MEMORY LOSS • by Sara Lynn Burnett

During my previous visit to Houston’s Neurosurgery Center the doctor said the procedure would triple my life expectancy, but I’d forget most things. “Sepia tones,” she said when I asked what memories would look like. “Photographs bleeding color until they’re faint outlines.”

Today, I have to decide. Ten more years with my memories, or thirty without. Carlos isn’t here. “It’s my decision,” I’d explained to him. “Not yours.”


I met Carlos in the foreign exchange student dormitory where a babushka hall monitor passed around borscht. The beets stained his lips purple. The city’s snow had melted three weeks’ prior, leaving behind drift-shaped mounds of gray cigarette butts.

The ice cream and vodka cafe next to Lenin’s mausoleum had a big-screen TV which every eighteen months displayed a live-stream of his re-embalming. It was broadcast across Russia and Lenin’s lips were purple too, though not from borsht. Carlos and I watched, licking our way through rainbow sprinkles.


Hawaii tests their tsunami sirens on the first Tuesday of every month at exactly 11 a.m. Carlos and I (we were teachers back then) used to wonder while riding the bus to work together — what happens if there’s a tsunami on a first Tuesday at 11 a.m.?

Our neighbor, Mrs. Kealakeliakapua’a’maumai (aged 84) kept a yellow kayak veined through with dry rot on her driveway. On the first Tuesday of each month at 11 a.m. she’d dash from her home and fling herself into the vessel, but only if her hearing aid was turned on. It comforted us to know that another person thought of this remote possibility. When Carlos’s brother, Alexander, visited us he bought her kayak a paddle.


Alexander gives Pablo Escobar tours. He’ll hand the American tourists in the backseat of his midsize SUV laminated fliers detailing the drug lord’s final hideout (now a Spanish school for expats) — it’s tucked away on a quiet, leafy boulevard in an expensive part of the city. Later he’ll stop at the kingpin’s grave to leave sunflowers on it.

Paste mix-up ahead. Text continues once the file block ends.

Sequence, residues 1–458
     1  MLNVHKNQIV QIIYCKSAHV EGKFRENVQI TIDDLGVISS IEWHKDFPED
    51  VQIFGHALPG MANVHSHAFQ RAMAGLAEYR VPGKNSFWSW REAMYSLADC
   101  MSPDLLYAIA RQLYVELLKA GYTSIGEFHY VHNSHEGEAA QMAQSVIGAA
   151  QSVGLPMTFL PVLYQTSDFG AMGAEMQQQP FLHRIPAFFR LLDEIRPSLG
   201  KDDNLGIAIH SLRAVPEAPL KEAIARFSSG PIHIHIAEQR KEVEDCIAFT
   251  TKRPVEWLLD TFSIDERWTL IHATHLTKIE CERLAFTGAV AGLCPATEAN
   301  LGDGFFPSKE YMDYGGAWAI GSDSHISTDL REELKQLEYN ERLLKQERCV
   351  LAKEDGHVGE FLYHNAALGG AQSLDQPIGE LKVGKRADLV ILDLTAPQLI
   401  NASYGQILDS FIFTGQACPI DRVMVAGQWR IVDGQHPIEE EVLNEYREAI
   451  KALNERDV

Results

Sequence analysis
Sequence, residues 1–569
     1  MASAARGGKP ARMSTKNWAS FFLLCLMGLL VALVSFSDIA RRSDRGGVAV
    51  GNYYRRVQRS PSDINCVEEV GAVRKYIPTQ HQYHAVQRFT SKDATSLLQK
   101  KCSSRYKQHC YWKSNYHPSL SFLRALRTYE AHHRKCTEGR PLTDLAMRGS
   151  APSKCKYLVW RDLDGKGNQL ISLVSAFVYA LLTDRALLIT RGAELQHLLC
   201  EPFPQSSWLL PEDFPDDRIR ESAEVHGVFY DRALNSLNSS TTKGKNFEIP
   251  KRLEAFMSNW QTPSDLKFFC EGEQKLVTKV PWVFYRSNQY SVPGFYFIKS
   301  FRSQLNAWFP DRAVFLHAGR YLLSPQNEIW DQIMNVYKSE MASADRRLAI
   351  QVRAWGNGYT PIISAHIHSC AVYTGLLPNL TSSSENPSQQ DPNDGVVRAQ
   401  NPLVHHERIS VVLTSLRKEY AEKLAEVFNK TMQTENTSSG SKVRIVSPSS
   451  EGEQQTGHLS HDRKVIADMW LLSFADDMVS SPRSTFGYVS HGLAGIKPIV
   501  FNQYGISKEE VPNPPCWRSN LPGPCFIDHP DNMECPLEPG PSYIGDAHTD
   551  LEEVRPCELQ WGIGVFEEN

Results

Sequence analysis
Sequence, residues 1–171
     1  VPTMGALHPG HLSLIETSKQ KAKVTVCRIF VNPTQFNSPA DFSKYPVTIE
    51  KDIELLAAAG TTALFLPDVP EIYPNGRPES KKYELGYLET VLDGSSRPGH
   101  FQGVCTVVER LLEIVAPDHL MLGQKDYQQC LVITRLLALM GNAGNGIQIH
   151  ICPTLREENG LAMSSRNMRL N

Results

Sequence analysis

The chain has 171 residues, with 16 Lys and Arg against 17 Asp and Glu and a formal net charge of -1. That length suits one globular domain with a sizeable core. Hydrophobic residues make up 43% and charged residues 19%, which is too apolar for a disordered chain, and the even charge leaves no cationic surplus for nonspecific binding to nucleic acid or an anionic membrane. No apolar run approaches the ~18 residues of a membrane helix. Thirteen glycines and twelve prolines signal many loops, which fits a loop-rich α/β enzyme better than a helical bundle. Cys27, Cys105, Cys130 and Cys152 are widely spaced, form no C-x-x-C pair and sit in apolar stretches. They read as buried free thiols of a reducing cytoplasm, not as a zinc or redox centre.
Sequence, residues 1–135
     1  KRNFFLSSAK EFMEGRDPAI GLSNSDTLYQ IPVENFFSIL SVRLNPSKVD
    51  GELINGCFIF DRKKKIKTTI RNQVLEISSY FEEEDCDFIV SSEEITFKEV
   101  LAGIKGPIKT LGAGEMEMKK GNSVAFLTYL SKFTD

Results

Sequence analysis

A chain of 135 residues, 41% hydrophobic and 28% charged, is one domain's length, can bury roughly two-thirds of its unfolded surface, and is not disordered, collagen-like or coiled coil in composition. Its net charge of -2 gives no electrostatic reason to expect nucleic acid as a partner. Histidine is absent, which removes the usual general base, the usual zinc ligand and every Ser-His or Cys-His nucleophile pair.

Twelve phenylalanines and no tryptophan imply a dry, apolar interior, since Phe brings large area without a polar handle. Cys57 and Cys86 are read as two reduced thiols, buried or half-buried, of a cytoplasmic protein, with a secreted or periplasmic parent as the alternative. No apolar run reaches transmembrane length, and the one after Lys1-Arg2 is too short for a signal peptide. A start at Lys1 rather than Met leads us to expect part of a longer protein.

The night before Carlos and I married I let Alexander kiss me. Our entire wedding party was celebrating on a rooftop bar in the city’s center. Alexander’s eyes were closed but mine were on the surrounding valley. Lights from the million homes metrocable gondolas connected looked like firework embers floating back to Earth.


There’s an aquarium here which means my neurologist read that article about patients requiring less pain medication during procedures if they’d just watched fish swimming around. Pantone’s color of the year is Living Coral, #16-1546, an “animating and life affirming hue,” but there’s no living color here. The Amazonian tetra fish have transparent fins — see-through like an MRI scan.

Carlos texts: I want you, all of you, as you. Not the outward appearance of you.

Then Alexander: You’ve had one life with him, live another with me.

The door next to aquarium opens. “What’s your decision?” the doctor asks. “Do you want more time, or the time you’ve had?”

Sara Lynn Burnett’s award-winning work has appeared in Writer’s Digest, The Master’s Review, The Caribbean Writer, and various other literary outlets in addition. She can be found online @saralynnburnett.

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